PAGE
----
The Champions League is a rich man’s club, complain football teams from nine south and east European countries. They are bent on setting up an alternative dubbed the “Eastern League”. The revolt is led by Dinamo Bucharest and Greece’s Olympiakos Pireu and has been joined by 14 other clubs: Steaua and Rapid from Romania, The Turkish Galatasaray Istanbul and Besiktas PAOK Salonic of Greece, the Serbian Steaua and Partizan Belgrade, Hajduk Split from Croatia, the Cyrpiot Apoel Nicosia, Maribor from Slovenia, the Bulgarian teams TSKA Sofia and Levski Sofia and the Ukrainian contributions of Shakhtor Donestk and Dinamo Kiev.
In the past decade eastern footballers, trounced by well-heeled competitors from the West, consistently failed to qualify to participate in the Union of European Football Associations Cup and the Champions League games. This translates into a loss of up to a million dollars per team per year as they miss out on lucrative advertising and broadcasting deals when they are matched against giants from Spain, Germany, Italy, or even England.
The Eastern League is not a done deal, though. It first has to be voted on and recognized by both the Federation of International Football Associations and UEFA, the world and European football federations, respectively. This may prove to be a tall order. The game is still organized as an old-fashioned cartel, with each regional association envious of its market share and clout.
Still, football in the eastern nether regions is in dire straits. As its economics worsen – the inventiveness of managers and players alike blossoms. In January 2003, the Bulgarian Levski club offered, with great fanfare, 250,000 of its shares to fans, aiming to break the Guinness Book of Records entry of Manchester United.
It was promptly castigated for ripping off the innocent. The “free” shares, found out embittered takers, came attached to a season’s ticket at full price. Alternatively, would be shareholders were asked to purchase a club membership for $25 – a few days wages in the impoverished country. Quoted by the newswires Presstext.Europe and Newsfox, a Levski official Todor Batkov said that “real fans must give and not take from the club”.
Football teams in the former communist countries realize that it is either big time or no time at all.
Romanian club Universitatea Craiova has recently courted Paul Gascoigne, a British asset known more for his exploits off-field than for anything he has accomplished on it. The figure floated was $170,000 – a fortune in Romanian terms, where the average annual intake is rarely about $2000.
Omnipotent president Islam Karimov of Uzbekistan granted immediate citizenship – by a constitutionally dubious presidential decree – to Bulgarian football striker Georgi Georgiev and defender Alexsi Dionisiev. This allowed them to keep their Bulgarian passports even as they played for the host country in the World Cup.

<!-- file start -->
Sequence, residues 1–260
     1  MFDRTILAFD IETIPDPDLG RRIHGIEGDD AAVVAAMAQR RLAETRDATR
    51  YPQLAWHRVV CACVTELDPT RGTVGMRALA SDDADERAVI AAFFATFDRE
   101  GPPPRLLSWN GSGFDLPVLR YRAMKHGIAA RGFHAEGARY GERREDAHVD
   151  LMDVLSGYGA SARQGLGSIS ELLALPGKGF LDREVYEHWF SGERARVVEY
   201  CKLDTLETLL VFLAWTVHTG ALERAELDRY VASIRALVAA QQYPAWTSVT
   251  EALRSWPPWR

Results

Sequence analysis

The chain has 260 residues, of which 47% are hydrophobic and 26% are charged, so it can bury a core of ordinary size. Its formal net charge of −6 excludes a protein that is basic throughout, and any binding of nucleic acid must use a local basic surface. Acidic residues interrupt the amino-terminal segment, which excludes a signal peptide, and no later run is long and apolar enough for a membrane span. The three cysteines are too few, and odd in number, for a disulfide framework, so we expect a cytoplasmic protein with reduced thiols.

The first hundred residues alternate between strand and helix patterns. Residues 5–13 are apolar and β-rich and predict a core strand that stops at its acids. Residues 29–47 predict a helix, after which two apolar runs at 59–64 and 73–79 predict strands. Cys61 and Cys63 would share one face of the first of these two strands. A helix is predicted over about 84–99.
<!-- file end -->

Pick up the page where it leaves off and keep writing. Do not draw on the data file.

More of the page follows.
Football has always been about politics. Violence inspired by virulent nationalism often vents itself most visibly in bilateral matches.
In a typical case last year, three police officers were wounded and nine Bosnian Serb fans were detained in the wake of a riot following the first football match since 1992 between Borac from Republika Srpska and Zeleznicar from Sarajevo. The Muslim-Croat team and fans required police escort out of Banja Luka to escape the wrath of the local yobs. Borac had to play two games to empty stadiums and part with $1500 in fines.
The Bosnian Football Federation – representing 14 clubs from the Croat-Muslim parts of the divided country – teamed up in May 2002 with 6 counterparts in Republika Srpska. They formed a joint league and a common professional association. Moreover, the two entities already fielded a joint team in the Olympic games in 2000 and maintain a single basketball federation. Yet, even this apparent reconciliation failed to prevent the outpouring of hostilities.
Nor is football-related aggression confined to zealous nationalists. Slovak fans taunted black English players Emile Heskey and Ashley Cole with racist slogans in October last year. The vast majority of the crowd – and the medical teams on the sidelines – balefully recited “monkey, monkey” at the top of their lungs for minutes on end.
Quoted by Radio Free Europe/Radio Liberty, Michal Vesecka, a research fellow with the Slovak Institute for Public Affairs, linked the abuse to problems in cultural development and identity:
“Slovakia is a country that is the most ethnically heterogeneous in Central Europe, but the ‘culture of tolerance’ is not as well developed [here] as in the European Union, or even with respect to neighboring countries like the Czech Republic and Hungary … [Slovakia] is still a country that is trying to solve its own identity problem, and precisely [during] such times, the people are relatively aggressive toward those people who are different.”
Add to this combustible mixture crumbling economies and all-pervasive disillusionment and the spillover to football is hardly a surprise. The game is an inseparable part of daily life in many of these polities where life is unbearably drab, economic opportunities are rare and cultural diversions even scarcer.
For instance, football associations offer a cornucopia of sinecures to cronies and relatives of all degrees and colors. Hence the high turnover and ubiquitous venality which characterize these murky bodies.
Both UEFA and FIFA have warned the Azerbaijan Football Federation Association that it must settle a five years old simmering dispute or else face the suspension of all financial aid and, ultimately, expulsion. AFFA’s president Fuad Musaev refuses to go, despite pressure from the government above and at least nine clubs below. This resulted in a boycott by said disgruntled of the national football championship and a feeble attempt to organize an alternative.